Artist: Mars Volta

Album: Noctourniquet

I’ll start with a quick review for those already familiar with Mars Volta. Noctourniquet (their sixth album) is their first with song lengths averaging under five minutes, jettisoning the lengthy solos and ambient excursions. Its dark lyrics are, on average, the least obscure / most randomly mars_volta_noctourniqueteffective of their career. Its drumming, with new drummer Deantoni Parks, is a bit more straightforward, sometimes pounding home the various time signatures instead of fracturing them. And the new layers of synthesizers, often pleasant, also sometimes add a level of batshit abrasiveness that I’m delighted to have in such concise doses.

For everyone else, I already dropped some clues, but let me fill in the picture more. Noctourniquet in many ways strikes me as a much weirder, geekier (and at 64 minutes, shorter) version of Smashing Pumpkins’ Mellon Collie and the Infinite Sadness. Guitarist Omar Rodriguez-Lopez doesn’t play everything on the album as Billy Corgan did on his, but he’s reputed to be a dictator to the top-notch players he employs. Singer/ lyricist Cedric Bixler-Zavala has, like Corgan, a voice that’s flexible but high-pitched; where Corgan’s was often tinged with an adolescent whine, Bixler-Zavala’s is more prone to the whine of an artificially intelligent dentist’s drill that wants you to understand it doesn’t like you. Both singers can convey their melodies, though, and Bixler-Zavala has also begun, on many tracks, to sound like the more recent, mellow, gravitas-possessing version of Rush’s Geddy Lee.

When I pick some individual tracks to describe, one of my motives is to help you choose, in this YouTube/ iTunes age, a place to start exploring if you’re not ready to plunge in right away. Noctourniquet, like Mellon Collie, divides neatly into harsher and prettier songs (although Mars Volta never quite play the difference straight). Want to start at the aggressive end? The Whip Hand reminds me of the most fiercely and erratically writhing Nine Inch Nails tracks (March of the Pigs, the Becoming), except with Reznor’s voice replaced by that of a heavily-echoed arena rock singer. Its “I am a land mine! Don’t step on me!” bridge risks being the most off-putting moment on the album for you, but you may well be impressed by how little you’re inclined to doubt the sentiment. (Unlike my Autocorrect, which tried to turn it into “I am a land line”.) Dyslexicon is like one of Rush’s more straightforward rock tracks being strafed by video-game weaponry, haunted by singing poltergeists, and subjected to occasional wobbling. The Malkin Jewel is like a restrained rock translation of the bizarro-land blues of Captain Beefheart, although Bixler-Zavala also reveals a new, gruff, threateningly conversational singing style in the verses, leading up to the chorus where “All the traps in the cellar go clickety-clack, cuz you know I always set them for you/ And all the rats in the cellar form a vermin of steps, yeah, you know they’re gonna take me to you”.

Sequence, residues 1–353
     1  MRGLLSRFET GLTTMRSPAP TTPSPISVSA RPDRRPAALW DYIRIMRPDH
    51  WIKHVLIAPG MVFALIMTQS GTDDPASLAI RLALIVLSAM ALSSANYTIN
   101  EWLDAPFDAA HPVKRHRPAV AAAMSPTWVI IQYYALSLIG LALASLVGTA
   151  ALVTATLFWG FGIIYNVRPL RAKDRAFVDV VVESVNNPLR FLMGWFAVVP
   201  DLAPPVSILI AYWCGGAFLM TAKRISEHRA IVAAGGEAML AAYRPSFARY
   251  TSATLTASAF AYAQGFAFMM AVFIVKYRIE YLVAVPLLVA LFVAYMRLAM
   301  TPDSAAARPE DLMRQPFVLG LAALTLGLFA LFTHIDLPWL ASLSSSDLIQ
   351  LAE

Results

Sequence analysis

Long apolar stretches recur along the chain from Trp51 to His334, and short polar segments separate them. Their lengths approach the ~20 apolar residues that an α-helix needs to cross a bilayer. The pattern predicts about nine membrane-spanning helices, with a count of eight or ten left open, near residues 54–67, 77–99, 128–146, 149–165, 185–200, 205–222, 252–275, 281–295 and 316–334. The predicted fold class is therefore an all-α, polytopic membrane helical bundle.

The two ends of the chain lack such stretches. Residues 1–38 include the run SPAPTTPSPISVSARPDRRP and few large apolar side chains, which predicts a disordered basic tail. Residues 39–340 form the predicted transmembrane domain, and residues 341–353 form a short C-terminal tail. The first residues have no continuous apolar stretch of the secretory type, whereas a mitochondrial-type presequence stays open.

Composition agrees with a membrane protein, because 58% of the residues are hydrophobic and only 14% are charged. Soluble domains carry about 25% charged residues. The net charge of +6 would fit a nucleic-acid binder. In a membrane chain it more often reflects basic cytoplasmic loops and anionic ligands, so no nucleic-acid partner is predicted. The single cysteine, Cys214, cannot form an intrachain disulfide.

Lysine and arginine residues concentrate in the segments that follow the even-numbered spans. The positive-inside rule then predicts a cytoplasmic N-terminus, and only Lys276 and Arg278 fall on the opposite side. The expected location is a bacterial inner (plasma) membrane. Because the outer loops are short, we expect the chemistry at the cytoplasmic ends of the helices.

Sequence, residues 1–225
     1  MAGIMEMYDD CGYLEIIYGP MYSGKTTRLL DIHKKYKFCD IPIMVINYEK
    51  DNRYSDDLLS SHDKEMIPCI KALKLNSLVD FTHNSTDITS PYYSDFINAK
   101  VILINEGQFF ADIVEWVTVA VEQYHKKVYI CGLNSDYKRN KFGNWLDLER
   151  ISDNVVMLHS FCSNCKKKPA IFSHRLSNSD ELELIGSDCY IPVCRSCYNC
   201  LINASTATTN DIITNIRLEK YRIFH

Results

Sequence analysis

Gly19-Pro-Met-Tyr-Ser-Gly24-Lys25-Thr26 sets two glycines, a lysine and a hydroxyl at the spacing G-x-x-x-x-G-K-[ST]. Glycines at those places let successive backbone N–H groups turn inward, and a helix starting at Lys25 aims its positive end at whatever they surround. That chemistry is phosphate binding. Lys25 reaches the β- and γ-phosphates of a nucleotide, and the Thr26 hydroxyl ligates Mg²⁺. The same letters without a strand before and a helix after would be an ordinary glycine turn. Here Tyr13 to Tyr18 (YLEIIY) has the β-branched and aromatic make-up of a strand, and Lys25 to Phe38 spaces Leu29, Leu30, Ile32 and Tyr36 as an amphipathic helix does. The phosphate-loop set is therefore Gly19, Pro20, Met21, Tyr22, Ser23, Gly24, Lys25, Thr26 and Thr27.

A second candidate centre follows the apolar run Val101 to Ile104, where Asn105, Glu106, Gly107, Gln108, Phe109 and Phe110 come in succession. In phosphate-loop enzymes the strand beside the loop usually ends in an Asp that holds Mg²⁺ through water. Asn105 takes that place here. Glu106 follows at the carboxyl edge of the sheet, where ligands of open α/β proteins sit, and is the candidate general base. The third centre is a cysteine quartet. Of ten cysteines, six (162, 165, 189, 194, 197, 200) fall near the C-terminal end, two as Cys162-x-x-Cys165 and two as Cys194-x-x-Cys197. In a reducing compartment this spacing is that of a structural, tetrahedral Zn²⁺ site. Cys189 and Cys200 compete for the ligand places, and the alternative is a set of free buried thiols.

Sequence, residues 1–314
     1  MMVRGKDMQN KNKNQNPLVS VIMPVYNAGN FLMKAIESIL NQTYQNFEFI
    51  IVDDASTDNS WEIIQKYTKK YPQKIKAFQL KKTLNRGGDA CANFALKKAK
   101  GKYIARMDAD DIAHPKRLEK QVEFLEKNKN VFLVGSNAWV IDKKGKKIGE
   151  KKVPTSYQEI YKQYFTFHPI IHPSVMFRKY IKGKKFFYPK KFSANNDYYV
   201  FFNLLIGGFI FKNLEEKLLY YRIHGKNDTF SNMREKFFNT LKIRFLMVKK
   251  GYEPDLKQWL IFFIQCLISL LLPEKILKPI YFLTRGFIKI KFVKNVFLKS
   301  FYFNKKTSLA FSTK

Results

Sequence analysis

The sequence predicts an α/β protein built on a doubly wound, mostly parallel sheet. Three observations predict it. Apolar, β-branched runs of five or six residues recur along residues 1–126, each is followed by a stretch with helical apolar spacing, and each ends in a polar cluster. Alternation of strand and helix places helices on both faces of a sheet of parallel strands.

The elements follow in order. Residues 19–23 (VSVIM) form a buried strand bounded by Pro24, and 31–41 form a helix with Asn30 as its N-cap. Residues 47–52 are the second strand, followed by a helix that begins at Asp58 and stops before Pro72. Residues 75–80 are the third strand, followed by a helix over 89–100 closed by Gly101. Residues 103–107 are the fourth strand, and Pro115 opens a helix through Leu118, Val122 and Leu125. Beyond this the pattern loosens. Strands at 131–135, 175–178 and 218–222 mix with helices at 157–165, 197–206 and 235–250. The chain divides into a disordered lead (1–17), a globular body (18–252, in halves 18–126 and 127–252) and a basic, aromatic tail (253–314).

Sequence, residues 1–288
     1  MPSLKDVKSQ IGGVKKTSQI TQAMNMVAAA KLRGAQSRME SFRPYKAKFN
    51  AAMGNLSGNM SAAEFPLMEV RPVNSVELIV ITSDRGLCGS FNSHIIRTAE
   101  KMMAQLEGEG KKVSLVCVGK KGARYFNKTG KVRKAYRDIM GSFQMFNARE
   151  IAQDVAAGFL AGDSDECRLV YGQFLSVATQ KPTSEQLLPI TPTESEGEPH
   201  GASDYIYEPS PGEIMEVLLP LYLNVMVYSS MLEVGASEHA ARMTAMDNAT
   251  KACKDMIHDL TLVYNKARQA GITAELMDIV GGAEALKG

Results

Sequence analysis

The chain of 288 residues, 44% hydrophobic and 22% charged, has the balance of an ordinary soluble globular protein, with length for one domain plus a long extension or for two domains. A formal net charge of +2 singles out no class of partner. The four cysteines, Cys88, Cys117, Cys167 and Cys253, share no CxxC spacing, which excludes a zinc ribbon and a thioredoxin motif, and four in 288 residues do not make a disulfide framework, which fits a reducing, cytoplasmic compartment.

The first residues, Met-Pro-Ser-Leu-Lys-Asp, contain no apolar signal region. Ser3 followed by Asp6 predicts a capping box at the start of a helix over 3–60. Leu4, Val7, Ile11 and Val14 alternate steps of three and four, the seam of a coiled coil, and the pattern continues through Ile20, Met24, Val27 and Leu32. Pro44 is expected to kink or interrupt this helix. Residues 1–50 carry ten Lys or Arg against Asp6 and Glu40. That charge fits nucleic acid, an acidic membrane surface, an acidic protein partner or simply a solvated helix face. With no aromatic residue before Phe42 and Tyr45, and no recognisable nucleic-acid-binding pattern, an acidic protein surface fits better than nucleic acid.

Pretty tracks include Aegis, thoughtful and massive, maybe equal parts Arcade Fire, Spiritualized, Catherine Wheel, and giant drum collection falling down the stairs, which launches into a slamming riff-rock chorus in 3/4 time. Lapochka is at once the closest they’ve ever ventured towards laptop-pop, and the most they’ve sounded like Shine On You Crazy Diamond-era Pink Floyd. In Absentia skitters and echoes across the nave of the church while you wait in the atrium; it’s part power ballad, part Giorgio Moroder Eurodisco, part maybe a hymnal re-capturing of In-a-Gadda-de-Vida. Imago, folk guitar plus long-held synthesizer notes and intuitive intrusions of thumping drums, highlights Bixler-Zavala’s least guarded singing, plain and a bit unsteady but easy to like. Zed and Two Naughts (fancy way of saying “zoo”) is an ambitiously constructed, soaring rock anthem.

Noctourniquet is easily my favorite Mars Volta record. They’ve always played well and had interesting ideas, but this is their album of songs, and I for one am fond of songs — especially when I feel they’re squeezing an especially wide range of interesting ideas into them. It could as logically be some Mars Volta fan’s least favorite. If there’s a track here you don’t like, it’ll be over in a few minutes. Perhaps that feels like cheating; I understand.

– Brian Block

To see the rest of our favorites, visit our Favorite Albums of 2012 page!